With the launch of LTE in the UK -- first by EE almost a year ago, and soon by Vodafone, O2, and 3 -- and with my 3G contract with Vodafone coming to an end, I'm in the market for a new 4G service.
I live and work in London, Europe's largest city and most advanced smartphone market, so mobile network operators should be lining up to offer me incredible 4G services. And as I'm a mobile network technology analyst, I thought I would share my decision-making process via this blog.
So how do the UK LTE carriers stack up? And which should I choose?
Working very much in its favor is the fact that I've had an EE 4G device on extended loan, courtesy of the media relations department, and found the network to be excellent where I live and work in London.
I also like the shared data plans the operator has just introduced -- and is so far the only one to do so. Being able to add a tablet, and perhaps one or two other phones, to the same plan is attractive.
I met the CEO, Olaf Swantee, at a recent analyst briefing here in London where he talked a good game about the company's strategic focus on network performance with the "One Step Ahead Strategy." Chatting over coffee afterwards, he had me convinced that he means it.
The main reason I haven't switched already is because the two-year contract was too much of a lock-in for me. The new 12-month deals are more attractive.
Current thinking: The frontrunner.
I've been on Vodafone for a few years already. In the parts of London I live and work the 3G network itself is OK. Not terrible, but not great either. I stuck around because of the "roam-like-home" add-ons that make travel and international calling less expensive. This is a seriously sticky feature for someone like me, because I travel for work frequently and call internationally daily. I really like it.
The operator is about to launch LTE in the 800 MHz band. I'm intrigued to see what kind of network performance this delivers and, especially, if Vodafone is able to translate this spectrum ownership into an advantage in coverage outside London. Theoretically, using 800 MHz spectrum Vodafone should be able to provide better coverage in suburban and rural areas, but it's a year behind EE (at 1,800 MHz), so it has a lot of catching up to do.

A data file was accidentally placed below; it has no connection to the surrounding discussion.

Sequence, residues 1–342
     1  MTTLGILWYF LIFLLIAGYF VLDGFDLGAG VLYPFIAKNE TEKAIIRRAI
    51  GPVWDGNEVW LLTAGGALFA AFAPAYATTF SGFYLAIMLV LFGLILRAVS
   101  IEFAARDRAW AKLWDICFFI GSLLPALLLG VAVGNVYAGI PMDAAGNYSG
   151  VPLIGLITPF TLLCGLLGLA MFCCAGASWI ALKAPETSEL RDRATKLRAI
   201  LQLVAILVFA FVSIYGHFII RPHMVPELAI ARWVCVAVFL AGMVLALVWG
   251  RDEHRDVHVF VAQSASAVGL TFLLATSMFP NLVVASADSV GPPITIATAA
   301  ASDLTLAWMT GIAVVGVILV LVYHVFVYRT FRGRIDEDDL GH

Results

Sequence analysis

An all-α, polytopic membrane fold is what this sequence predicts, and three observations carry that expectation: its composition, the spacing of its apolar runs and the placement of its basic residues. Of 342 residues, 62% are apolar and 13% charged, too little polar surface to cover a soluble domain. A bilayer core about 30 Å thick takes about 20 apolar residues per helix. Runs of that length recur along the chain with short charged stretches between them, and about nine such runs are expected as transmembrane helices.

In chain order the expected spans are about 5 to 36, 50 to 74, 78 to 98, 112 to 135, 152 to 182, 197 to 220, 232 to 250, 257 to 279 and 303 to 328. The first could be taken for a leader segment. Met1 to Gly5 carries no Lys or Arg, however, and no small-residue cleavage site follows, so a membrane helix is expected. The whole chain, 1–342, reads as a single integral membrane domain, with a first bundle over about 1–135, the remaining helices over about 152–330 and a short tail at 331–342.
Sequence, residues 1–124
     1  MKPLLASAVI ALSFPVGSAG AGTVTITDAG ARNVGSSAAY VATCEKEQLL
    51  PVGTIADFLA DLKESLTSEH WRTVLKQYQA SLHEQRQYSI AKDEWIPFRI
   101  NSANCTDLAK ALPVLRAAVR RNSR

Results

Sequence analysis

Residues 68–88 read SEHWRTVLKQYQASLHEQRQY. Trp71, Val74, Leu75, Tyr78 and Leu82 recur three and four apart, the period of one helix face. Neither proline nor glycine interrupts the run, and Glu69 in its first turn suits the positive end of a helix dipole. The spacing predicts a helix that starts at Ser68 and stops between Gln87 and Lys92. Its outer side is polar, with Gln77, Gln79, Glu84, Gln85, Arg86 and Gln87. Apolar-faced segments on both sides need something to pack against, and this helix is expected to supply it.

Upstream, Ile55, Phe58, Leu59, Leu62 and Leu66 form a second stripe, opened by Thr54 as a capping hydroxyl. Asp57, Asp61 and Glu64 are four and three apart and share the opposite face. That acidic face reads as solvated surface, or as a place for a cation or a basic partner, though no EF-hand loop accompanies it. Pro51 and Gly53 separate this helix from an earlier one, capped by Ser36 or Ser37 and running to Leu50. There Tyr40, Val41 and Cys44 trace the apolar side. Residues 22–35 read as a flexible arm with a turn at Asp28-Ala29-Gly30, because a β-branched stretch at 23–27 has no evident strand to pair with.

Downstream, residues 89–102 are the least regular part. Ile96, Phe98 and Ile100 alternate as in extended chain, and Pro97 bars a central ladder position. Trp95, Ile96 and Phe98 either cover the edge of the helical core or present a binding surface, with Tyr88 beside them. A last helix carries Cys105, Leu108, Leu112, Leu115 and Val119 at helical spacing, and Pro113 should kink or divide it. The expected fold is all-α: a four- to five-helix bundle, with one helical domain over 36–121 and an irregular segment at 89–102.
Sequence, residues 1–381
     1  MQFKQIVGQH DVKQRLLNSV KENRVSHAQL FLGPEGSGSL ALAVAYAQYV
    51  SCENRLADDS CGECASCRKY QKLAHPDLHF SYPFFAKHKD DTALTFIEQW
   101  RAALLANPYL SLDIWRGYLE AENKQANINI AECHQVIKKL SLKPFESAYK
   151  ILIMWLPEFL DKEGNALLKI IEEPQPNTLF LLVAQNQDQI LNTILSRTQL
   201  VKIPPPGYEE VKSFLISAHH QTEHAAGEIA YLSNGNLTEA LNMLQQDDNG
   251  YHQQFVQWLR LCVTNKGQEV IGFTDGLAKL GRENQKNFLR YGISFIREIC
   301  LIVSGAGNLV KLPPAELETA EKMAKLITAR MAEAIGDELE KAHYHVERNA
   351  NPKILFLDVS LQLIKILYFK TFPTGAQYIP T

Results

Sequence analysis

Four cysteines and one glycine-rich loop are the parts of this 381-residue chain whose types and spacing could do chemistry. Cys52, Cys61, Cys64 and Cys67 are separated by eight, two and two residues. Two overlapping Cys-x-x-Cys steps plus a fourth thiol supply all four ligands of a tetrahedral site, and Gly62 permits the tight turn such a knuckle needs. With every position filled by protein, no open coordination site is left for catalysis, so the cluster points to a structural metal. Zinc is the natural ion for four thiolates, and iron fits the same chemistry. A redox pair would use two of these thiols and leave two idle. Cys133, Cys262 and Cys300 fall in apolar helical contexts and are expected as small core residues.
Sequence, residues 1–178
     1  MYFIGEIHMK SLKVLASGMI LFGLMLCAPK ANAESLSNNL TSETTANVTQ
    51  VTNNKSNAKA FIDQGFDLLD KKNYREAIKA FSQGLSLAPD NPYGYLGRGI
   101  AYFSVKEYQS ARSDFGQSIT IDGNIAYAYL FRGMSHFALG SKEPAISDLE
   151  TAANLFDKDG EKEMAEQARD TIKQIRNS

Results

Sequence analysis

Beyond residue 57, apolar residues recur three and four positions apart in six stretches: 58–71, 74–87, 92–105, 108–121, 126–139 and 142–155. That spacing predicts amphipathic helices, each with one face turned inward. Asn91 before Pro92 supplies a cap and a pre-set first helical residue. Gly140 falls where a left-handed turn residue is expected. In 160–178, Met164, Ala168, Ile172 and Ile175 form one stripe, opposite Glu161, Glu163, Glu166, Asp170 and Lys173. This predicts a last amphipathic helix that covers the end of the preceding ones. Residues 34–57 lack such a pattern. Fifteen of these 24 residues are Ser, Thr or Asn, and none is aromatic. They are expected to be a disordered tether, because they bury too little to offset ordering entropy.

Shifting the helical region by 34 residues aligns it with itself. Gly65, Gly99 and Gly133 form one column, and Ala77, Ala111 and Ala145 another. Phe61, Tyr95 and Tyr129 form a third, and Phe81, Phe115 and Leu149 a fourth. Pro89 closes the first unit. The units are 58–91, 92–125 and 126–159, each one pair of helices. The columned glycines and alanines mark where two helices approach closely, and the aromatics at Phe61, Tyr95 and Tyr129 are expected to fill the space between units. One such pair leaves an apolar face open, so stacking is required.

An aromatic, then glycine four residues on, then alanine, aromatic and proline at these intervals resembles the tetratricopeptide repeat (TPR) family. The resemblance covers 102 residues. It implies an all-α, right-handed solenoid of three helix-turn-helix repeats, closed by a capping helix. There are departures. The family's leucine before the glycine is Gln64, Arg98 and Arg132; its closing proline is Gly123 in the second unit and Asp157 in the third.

Vodafone is also heavily touting its content deals with Spotify (music) and Sky TV (premier league football) bundled with its more expensive LTE plans. Considering I already subscribe to Spotify, this could be a good deal.
Current thinking: A strong contender.
O2 is also about to launch LTE at 800 MHz, so the same arguments on coverage outside London apply. So far, however, O2 hasn't really given me much of a reason to select it over either EE or Vodafone. I guess it is keeping its powder dry until it launches commercially at the end of the month.
I do like (after limited testing) the TuGo app from Telefonica Digital that lets you send and receive texts and calls on multiple devices. On its own it's not enough to sway the decision, but it's a positive factor in my mind. I also like O2 WiFi, but given you can access that without being an O2 customer, there's not much advantage there.
Current thinking: Too early to say.
The fourth-placed operator by market size is positioned as the value brand, but the network is as good as any other 3G network in the UK, and the data caps are undeniably generous.
The operator hasn't said much about LTE other than it will launch in the 1,800 MHz spectrum it acquired from EE last year and that it won't charge extra for LTE.
I've had various 3 SIMs for dongles and MiFis over the years, but I haven't seriously considered it for a main phone because, although the entry prices are attractive, it always seemed you get badly stung on data roaming and on international calls.
Current thinking: Maybe, but an underwhelming commitment to LTE works against it.
So that's my thinking on the UK mobile operators and their LTE positioning. Playing into the decision will be the device options (my Samsung Galaxy S3 is not LTE-capable) and, of course, the price. LTE is a great technology and worth a modest premium, but I don't really want to have to have to re-mortgage to pay for it.
— Gabriel Brown, Senior Analyst, Heavy Reading